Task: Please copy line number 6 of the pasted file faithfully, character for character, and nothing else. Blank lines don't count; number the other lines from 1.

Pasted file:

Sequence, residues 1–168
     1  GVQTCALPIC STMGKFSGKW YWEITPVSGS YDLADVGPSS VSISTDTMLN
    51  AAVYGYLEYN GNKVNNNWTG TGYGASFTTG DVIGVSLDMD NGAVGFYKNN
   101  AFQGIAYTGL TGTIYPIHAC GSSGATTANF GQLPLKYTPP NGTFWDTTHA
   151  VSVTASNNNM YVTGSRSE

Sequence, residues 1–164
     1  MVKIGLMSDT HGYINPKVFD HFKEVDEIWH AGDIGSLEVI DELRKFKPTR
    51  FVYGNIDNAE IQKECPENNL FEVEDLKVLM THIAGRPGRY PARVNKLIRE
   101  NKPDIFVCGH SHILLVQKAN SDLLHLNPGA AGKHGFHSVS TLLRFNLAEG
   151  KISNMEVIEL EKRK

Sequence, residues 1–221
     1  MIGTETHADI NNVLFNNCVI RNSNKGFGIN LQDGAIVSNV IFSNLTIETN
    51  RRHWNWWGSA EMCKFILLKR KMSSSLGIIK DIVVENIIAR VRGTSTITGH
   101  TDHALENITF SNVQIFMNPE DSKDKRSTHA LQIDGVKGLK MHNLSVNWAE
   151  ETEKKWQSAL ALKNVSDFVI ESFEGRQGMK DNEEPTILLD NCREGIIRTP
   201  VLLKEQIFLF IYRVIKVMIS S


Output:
Sequence, residues 1–164